At The Dyrt, we share camping tips from our community of campers and campgrounds. With so many campers staying home, we continue to share this info so you can plan future camping trips across the U.S.

A team of researchers last week removed a behemoth 17-foot, 140-pound Burmese python from the Big Cypress National Preserve in the Florida Everglades, the largest to be captured and killed in the area. In a post on the park’s Facebook page, the park reported that the  female snake was found pregnant, with approximately 73 developing eggs that contributed to a majority of the snake’s weight. Researchers had reportedly been using a new tracking method for snakes in the park—tracking males to lead them to females during mating season—when the researchers came across the record-sized python in the Everglades.

Florida Everglades Python Measured 17 Feet, Weighed 140 Pounds When Captured

a burmese python slithering through tree branches in the everglades

Officials with the preserve explained that these pythons are a non-native and invasive species, and are captured and killed to protect wildlife. “They are being humanely euthanized because they are having a huge, negative impact on native animals such as deer, wading birds, and even Florida panthers by taking away food from the endangered native Panther,” officials stated on Facebook.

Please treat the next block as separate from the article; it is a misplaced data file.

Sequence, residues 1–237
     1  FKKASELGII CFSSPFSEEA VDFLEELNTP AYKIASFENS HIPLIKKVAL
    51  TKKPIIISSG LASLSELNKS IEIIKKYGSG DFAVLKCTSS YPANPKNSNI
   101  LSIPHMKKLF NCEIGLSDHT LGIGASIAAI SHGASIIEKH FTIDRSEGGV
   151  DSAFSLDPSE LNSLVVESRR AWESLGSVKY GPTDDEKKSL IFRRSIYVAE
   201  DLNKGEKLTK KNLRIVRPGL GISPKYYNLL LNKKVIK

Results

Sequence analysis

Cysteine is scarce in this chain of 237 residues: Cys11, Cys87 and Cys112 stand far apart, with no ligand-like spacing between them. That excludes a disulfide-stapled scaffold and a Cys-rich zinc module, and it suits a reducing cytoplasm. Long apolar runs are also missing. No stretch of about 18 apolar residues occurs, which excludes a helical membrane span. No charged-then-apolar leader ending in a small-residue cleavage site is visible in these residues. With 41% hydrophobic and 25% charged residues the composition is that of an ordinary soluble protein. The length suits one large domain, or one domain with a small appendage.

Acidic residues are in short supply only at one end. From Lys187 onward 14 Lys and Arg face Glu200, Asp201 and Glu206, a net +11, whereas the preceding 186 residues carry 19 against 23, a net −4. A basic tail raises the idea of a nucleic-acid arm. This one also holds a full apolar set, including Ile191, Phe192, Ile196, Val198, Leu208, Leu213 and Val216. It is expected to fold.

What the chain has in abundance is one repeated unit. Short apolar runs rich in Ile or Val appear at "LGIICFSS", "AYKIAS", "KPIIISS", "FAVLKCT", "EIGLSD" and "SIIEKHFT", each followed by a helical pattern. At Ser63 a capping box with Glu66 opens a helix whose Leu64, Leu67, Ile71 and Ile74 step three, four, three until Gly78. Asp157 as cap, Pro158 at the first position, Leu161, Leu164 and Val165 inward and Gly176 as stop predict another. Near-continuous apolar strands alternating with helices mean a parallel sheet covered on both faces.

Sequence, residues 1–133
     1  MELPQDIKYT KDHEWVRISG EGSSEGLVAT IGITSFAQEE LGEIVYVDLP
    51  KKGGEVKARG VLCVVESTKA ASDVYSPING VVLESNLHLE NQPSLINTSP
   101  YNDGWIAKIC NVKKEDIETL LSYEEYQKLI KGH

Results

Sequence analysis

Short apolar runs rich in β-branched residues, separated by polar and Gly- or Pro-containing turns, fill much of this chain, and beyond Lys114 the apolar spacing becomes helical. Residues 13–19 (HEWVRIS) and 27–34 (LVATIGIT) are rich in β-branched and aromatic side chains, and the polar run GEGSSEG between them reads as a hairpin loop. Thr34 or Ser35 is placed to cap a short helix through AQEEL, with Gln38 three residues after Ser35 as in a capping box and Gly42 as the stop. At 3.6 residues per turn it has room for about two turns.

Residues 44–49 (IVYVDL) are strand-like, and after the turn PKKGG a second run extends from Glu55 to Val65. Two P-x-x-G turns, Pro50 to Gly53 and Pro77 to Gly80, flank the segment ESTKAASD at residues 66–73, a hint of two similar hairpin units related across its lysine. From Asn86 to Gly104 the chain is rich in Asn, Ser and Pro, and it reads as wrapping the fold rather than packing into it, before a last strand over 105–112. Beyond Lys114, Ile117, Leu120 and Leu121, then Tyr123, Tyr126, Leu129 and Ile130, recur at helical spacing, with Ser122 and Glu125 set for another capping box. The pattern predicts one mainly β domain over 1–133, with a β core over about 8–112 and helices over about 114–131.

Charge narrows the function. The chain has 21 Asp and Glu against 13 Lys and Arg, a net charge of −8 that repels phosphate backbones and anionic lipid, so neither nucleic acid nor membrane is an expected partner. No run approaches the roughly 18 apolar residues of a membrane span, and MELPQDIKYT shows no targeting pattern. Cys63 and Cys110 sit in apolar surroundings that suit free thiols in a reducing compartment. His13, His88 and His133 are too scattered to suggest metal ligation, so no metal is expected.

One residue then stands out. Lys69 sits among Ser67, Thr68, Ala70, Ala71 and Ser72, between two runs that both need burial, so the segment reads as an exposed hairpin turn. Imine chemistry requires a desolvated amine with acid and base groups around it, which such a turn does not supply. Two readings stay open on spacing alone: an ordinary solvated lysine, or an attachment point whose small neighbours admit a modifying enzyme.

It is believed that Burmese pythons came to the Everglades after residents in South Florida released pet pythons into the wild. The first sightings of pythons in the Everglades were in the 1980s, and the population has grown since. The U.S. Geological survey reported that since 1997, there have been major decreases in population for local wildlife including raccoons, bobcats, and marsh rabbits.





Before this capture, the size record was held by a python caught in 2017, at 17 feet long and weighing 132 pounds. South Florida’s Sun Sentinel reported that the 2017 capture was performed by hunters participating in South Florida Water Management District’s python elimination program, where hunters are paid for their catches by the foot.


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  • Kevin Johnson

    Kevin Johnson

    Kevin is the Assistant Editor for The Dyrt, with bylines in National Geographic Traveler and Atlas Obscura. Although originally from the swamps of Washington, D.C., he's now based in the trees of Portland. He's been interested in geography and travel since seeing his first map as a kid, and is now working toward seeing it all in person. You can find him exploring the coastal beaches or a record store in his free time.